About the F512M

F512 M (Modificata)

Model Years Produced
All U.S. cars were 1995 models

Testarossa (1984-1990), 512 TR (1991-1993)

Body Design

Production Numbers
501 total F512Ms produced
75 made to U.S.-legal specifications
No F512Ms were sold in Canada
75 right-hand drive F512Ms produced

Exterior Colors
Canna di Fucile (gun metal grey metallic); paint manufacturer lists as Canna Fuc/Met
Giallo Modena (yellow; sometimes referred to as "fly yellow")
Nero (black)
Rosso Corsa (red)
Rosso Met./Monza (burgundy metallic); paint manufacturer lists as Rosso Metallizato

Interior Colors
Blu Scuro (dark blue)
Grigio Scuro (dark grey)
Nero (black)

Carpet Colors
Blu Scuro (dark blue)
Castoro (light brown)
Nero (black)

Options Available
Recaro seats
Optional wheels: five-spoke instead of propeller-style
Spare wheel/tire and jack
Fitted luggage

Photo of the optional
5-spoke wheel

Engine & Transmission
Longitudinal, mid-mounted 180° V12 ("flat 12" or "boxer")
Displacement: 4943cc / 301.6 cubic inches
Bore & stroke: 82 x 78 mm
DOHC (per cylinder bank); 48 valve
Alloy cylinder block and heads
Compression ratio: 10.4:1
Power: 432.0 bhp @ 6750 rpm
Torque: 367.0 ft lbs @ 5500 rpm
5 speed transmission

Body & Chassis
Chassis construction: tubular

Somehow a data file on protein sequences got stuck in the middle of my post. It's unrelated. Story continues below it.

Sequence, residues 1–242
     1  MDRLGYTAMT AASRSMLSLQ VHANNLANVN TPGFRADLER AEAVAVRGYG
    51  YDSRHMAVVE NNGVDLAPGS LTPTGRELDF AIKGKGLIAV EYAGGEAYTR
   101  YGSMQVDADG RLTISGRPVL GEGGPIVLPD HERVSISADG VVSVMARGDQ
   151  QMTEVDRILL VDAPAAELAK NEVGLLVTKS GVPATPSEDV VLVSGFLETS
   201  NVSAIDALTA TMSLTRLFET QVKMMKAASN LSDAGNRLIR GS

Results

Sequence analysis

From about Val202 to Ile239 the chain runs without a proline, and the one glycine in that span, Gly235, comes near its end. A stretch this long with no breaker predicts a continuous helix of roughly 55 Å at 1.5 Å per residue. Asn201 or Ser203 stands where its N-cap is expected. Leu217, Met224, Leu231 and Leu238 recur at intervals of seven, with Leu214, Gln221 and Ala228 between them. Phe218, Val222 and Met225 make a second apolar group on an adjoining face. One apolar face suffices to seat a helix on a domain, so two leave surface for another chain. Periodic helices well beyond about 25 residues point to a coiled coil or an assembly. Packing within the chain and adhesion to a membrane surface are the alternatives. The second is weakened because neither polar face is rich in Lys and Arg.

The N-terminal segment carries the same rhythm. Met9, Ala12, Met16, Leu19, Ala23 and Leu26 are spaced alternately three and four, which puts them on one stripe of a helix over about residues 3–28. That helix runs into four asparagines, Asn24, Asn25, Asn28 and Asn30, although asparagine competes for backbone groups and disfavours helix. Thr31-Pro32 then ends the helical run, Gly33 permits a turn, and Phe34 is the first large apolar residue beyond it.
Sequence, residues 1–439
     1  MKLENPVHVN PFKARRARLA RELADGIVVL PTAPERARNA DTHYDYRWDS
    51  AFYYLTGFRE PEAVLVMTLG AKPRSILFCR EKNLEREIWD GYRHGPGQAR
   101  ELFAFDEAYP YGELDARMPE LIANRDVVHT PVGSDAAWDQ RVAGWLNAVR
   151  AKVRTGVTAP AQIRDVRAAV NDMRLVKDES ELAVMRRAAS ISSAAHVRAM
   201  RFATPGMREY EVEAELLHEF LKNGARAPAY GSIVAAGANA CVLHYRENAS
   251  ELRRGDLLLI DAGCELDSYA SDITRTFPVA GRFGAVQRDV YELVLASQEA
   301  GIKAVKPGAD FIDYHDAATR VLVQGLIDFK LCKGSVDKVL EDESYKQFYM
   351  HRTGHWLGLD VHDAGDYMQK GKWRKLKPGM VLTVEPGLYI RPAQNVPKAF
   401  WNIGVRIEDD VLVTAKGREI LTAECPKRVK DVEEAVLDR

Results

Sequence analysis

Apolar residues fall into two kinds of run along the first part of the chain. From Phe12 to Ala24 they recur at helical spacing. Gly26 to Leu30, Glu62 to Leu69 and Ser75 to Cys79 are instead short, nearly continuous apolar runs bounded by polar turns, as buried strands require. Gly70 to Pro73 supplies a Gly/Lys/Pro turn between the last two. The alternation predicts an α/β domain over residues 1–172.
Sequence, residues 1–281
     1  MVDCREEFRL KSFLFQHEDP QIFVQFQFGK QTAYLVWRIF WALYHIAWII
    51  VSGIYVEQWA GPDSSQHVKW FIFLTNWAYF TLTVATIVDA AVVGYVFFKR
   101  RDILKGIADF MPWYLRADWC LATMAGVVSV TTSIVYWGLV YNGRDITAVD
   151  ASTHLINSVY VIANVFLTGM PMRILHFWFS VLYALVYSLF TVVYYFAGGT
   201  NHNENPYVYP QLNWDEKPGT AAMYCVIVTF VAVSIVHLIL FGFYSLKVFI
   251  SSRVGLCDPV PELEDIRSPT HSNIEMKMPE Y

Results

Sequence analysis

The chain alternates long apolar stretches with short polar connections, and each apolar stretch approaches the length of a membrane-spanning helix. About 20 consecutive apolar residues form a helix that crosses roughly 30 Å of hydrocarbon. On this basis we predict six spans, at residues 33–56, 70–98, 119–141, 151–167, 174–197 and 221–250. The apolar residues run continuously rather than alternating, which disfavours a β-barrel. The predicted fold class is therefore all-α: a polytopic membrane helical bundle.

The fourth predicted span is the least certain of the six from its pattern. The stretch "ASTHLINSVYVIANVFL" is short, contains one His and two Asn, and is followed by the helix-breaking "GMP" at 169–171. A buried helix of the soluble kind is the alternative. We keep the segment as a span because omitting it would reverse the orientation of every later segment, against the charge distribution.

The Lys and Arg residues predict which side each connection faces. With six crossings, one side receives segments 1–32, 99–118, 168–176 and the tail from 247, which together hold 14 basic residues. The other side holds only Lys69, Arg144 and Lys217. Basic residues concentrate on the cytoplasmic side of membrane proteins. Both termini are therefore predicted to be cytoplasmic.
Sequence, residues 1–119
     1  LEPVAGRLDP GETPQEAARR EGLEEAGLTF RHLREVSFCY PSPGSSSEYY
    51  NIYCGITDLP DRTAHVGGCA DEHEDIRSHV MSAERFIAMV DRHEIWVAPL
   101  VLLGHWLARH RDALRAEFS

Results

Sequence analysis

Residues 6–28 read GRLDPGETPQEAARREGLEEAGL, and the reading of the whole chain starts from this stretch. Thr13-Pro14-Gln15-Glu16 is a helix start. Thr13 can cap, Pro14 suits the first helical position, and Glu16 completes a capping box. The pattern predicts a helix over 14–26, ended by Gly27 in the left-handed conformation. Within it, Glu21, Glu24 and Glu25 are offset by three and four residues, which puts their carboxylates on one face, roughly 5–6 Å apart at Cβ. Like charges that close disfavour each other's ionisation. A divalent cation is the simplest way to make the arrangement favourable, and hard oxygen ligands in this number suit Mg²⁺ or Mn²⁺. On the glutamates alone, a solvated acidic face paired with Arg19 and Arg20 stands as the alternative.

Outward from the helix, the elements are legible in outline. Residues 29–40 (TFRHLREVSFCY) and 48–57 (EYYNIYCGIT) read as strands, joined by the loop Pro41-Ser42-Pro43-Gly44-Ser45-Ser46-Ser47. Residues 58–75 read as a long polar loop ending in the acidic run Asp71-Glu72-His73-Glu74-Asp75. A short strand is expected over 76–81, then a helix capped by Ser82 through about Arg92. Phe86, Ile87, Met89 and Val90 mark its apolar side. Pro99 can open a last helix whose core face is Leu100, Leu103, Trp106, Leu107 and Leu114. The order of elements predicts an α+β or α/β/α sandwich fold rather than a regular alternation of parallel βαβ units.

Weight: 3208 lbs
Length: 176.4 in
Width: 77.8 in
Height: 44.7 in
Wheelbase: 100.4 in
Rear wheel drive
Front suspension: independent, double unequal-length wishbones, coil springs, gas dampers, anti-roll bar
Rear suspension: independent, double unequal-length wishbones, coil springs, gas dampers, anti-roll bar
Steering: rack & pinion
Brakes: cross-drilled & ventilated discs (333mm front, 310mm rear), aluminum calipers, switchable Bosch ABS
Driver's pedals: drilled aluminum, adjustable

0 to 60: 4.6 seconds
0 to 100: 10.2 seconds
Quarter mile: 12.8 seconds
Lateral Acceleration: 0.9 G
Top speed: 196.0 MPH

Differences Between U.S. and non-U.S. Models
Front and rear side-marker lights added
Front turn signal lenses changed to amber
Motorized seat belts added to meet passive restraint requirements (no air bags)
Different reverse lights


At the Paris Salon in October of 1994, Ferrari introduced the final version of the fabulous Testarossa series - designated the F512M. The letter “M” stood for modificata, with the vehicle featuring a modified design, a modified engine/transmission and various other internal and external modifications that truly made this rendition the “beast” of the Testarossa series.

When Ferrari decided it was time to replace the Berlinetta Boxer, they started with the assumption that power would be from a 180 degree V-12 engine and that the car would be defined by exceptional style and design. So the Testarossa was born: a collaboration between Ferrari and design studio Pininfarina. And although the original Testarossa displayed ground-breaking styling, design and performance, Ferrari did not rest on their laurels. There was constant improvement and enhancement of 1984’s Testarossa and it eventually evolved into the 512TR of 1991 and finally the F512M of 1995. With each evolution the styling, interior and performance were improved in a car that was consistently capable of top speeds in excess of 180 MPH, 0 to 60 MPH times of less than 5 seconds, and attaining 0.9G of lateral acceleration.